Thursday, June 28, 2007

Oversight of the Federal Death Penalty Process

Various individuals presented testimony yesterday to the Senate Committee on the Judiciary regarding Oversight of the Federal Death Penalty. The agenda of this subcommittee included testimony regarding the actions of Attorney General Gonzales and the firing of U.S. Attorneys over the issue of capital punishment. Paul Charlton, one of the nine U.S. Attorneys dismissed by the Department of Justice (DOJ), provided testimony regarding his experience with the AG on a capital case.

The evidence presented suggests that AG Gonzales has stepped up pressure to seek more death sentences at the federal level, although no motives or other explanations were offered. The Washington Post focused on Mr. Charlton's comments and those of current and former DOJ employees. Why is the AG seeking to impose more death sentences? Why is the DOJ now trying, and succeeding, in expanding capital punishment in states that do not permit executions? Is this a maneuver to "shore up" the political base since conservatives and Republicans are more likely than liberals and Democrats to support capital punishment?

Another issue raised in the testimony is the connection between race and the death penalty. Some of the testimony referred to data that show a clear racial disparity in the imposition of capital punishment. Is there evidence that discrimination, not disparity, exists in the administration of the death penalty? The answer at the state level is yes. A plethora of studies consistently suggest that race of the victim and, depending on the state, race of the defendant are predictors of sentencing outcomes.

Is race a factor in federal death sentences? That issue was addressed in the testimony of David Mulhausen. Dr. Mulhausen, of the Heritage Foundation, presented a curious ramble during his comments to the subcommittee. He first points out that public opinion polls show support for the use of capital punishment. While this is an accurate statement, he fails to point out that, according to Gallup, public support for the death penalty has declined since 1994 from 80% to 67% in 2006, while opposition has increased from a low of 13% in 1995 to 28% in 2006. Dr. Mulhausen also fails to report that support for capital punishment drops when respondents are given alternatives such as life in prison (47% support death while 48% favor life in prison without parole.

Dr. Mulhausen then turns his attention to the issue of race in the federal death penalty system. He cites a Rand Corporation study that examined available data on federal death sentences between January 1995, and July 2000. Dr. Mulhausen acknowledges that racial disparity exists, but claimed that discrimination does not exist when the heinousness of the crime is factored in. He fails to report, however, the limitations of the Rand study, which the authors did include in the report.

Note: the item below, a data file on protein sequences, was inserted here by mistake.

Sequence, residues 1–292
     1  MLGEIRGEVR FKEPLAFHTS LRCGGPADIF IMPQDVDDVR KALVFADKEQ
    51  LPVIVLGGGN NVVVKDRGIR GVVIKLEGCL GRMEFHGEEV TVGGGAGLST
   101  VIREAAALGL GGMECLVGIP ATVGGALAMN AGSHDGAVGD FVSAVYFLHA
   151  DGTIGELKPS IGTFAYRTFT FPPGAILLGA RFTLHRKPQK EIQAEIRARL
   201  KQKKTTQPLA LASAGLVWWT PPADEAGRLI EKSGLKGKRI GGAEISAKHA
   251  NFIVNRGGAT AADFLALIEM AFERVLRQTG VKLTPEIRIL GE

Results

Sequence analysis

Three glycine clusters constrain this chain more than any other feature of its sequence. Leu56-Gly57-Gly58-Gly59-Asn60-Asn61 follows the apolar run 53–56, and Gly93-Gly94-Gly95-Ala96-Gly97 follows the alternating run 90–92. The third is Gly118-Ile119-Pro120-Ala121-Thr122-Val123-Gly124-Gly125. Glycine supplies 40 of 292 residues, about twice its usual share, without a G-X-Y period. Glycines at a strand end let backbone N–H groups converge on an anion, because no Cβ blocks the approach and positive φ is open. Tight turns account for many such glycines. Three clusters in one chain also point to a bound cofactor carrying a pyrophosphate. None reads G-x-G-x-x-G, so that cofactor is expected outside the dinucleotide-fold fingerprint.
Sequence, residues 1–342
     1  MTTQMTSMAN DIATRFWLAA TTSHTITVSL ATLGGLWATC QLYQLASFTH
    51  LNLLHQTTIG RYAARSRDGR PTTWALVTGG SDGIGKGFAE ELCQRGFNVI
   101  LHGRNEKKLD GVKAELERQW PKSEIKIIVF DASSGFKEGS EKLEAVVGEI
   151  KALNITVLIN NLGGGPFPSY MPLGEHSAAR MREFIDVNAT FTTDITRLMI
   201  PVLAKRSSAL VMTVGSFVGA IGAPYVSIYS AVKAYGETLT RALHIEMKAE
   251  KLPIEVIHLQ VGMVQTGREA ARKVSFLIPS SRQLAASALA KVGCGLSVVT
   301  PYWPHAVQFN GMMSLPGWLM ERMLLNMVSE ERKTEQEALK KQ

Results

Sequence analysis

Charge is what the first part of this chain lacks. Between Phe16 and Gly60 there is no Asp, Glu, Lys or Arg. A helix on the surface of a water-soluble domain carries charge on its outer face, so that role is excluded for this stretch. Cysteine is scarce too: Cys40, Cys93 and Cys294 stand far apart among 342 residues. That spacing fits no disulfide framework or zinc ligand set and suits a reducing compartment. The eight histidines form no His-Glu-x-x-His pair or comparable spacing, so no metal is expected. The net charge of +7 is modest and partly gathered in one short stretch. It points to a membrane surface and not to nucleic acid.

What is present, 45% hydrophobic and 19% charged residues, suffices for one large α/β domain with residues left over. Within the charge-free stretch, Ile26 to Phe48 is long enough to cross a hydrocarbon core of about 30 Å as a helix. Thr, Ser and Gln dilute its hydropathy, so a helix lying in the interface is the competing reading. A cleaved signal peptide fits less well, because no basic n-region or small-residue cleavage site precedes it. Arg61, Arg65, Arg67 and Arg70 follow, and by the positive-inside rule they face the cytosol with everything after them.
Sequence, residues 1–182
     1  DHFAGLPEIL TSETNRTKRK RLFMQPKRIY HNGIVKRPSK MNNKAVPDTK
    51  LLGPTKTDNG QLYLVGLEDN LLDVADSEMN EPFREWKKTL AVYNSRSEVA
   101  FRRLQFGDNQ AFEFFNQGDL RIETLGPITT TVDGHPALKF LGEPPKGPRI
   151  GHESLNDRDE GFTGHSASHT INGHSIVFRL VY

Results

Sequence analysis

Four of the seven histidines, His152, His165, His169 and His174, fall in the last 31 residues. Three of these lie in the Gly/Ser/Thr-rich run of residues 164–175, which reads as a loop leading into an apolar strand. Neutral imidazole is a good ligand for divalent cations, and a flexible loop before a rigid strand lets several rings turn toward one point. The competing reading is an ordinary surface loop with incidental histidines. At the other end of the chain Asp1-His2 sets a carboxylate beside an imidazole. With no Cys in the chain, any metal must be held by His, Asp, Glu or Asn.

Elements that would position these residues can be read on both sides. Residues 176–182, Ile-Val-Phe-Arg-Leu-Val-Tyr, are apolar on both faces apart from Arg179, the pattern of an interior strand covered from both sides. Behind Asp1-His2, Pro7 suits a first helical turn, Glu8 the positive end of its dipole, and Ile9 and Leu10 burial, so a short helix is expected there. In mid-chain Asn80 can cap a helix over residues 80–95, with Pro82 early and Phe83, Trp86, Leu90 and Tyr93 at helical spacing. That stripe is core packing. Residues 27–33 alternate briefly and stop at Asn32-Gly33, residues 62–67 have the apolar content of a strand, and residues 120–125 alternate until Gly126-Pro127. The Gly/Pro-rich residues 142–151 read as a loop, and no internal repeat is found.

Most studies of race and capital punishment, including the Rand study, try to control for the seriousness of the crime or the background of the defendant by factoring in the aggravating and mitigating circumstances. After the Gregg decision, states and the federal government adopted a process known as guided discretion for jurors in capital trials. A limitation of the methodology is that any factor can be considered as a mitigating circumstance (and thus no study can capture all possible mitigators) while the list of approved aggravators is highly suspect. For example, one of the listed aggravating circumstances is future dangerousness. Research has shown that it is virtually impossible to prove future dangerousness, so how are researchers supposed to "code" the existence of this highly subjective aggravator?

It is also curious that Dr. Mulhausen uses the phrase "heinousness" of the crime. Our study of race and aggravating circumstances in Tennessee revealed that the so-called "heinous, atrocious, and cruel" aggravator was more likely to be found by the jury if the victim was white than if the victim was non-white.

Dr. Mulhausen then goes on to examine the death penalty moratorium that existed in Maryland. Here he does cite the limitations of the research that was a component of the moratorium. While citing evidence of support for the death penalty, he fails to report NBC News/Wall Street Journal poll found that 63% of registered voters supported a moratorium. He next cites several studies that purport to show that executions prevent future murders, but again without reference to the limitations of this body of literature. Not only have these studies been discredited, but other research has shown that the death penalty is no more effective as a deterrent than is life in prison. Moreover, a Harris poll found that 41% believed that the death penalty deterred others while 53% opined that it did not have much effect.

Dr. Mulhausen then concludes with several sweeping generalizations: "Americans support capital punishment for two good reasons. First, there is little evidence to suggest that minorities are treated unfairly. Second, capital punishment produces a strong deterrent effect that saves lives."

The research shows that many people support the death penalty because they believe that killing is wrong and not because of utilitarian reasons such as deterrence. The limitations of these two statements should, by now, be fairly obvious.

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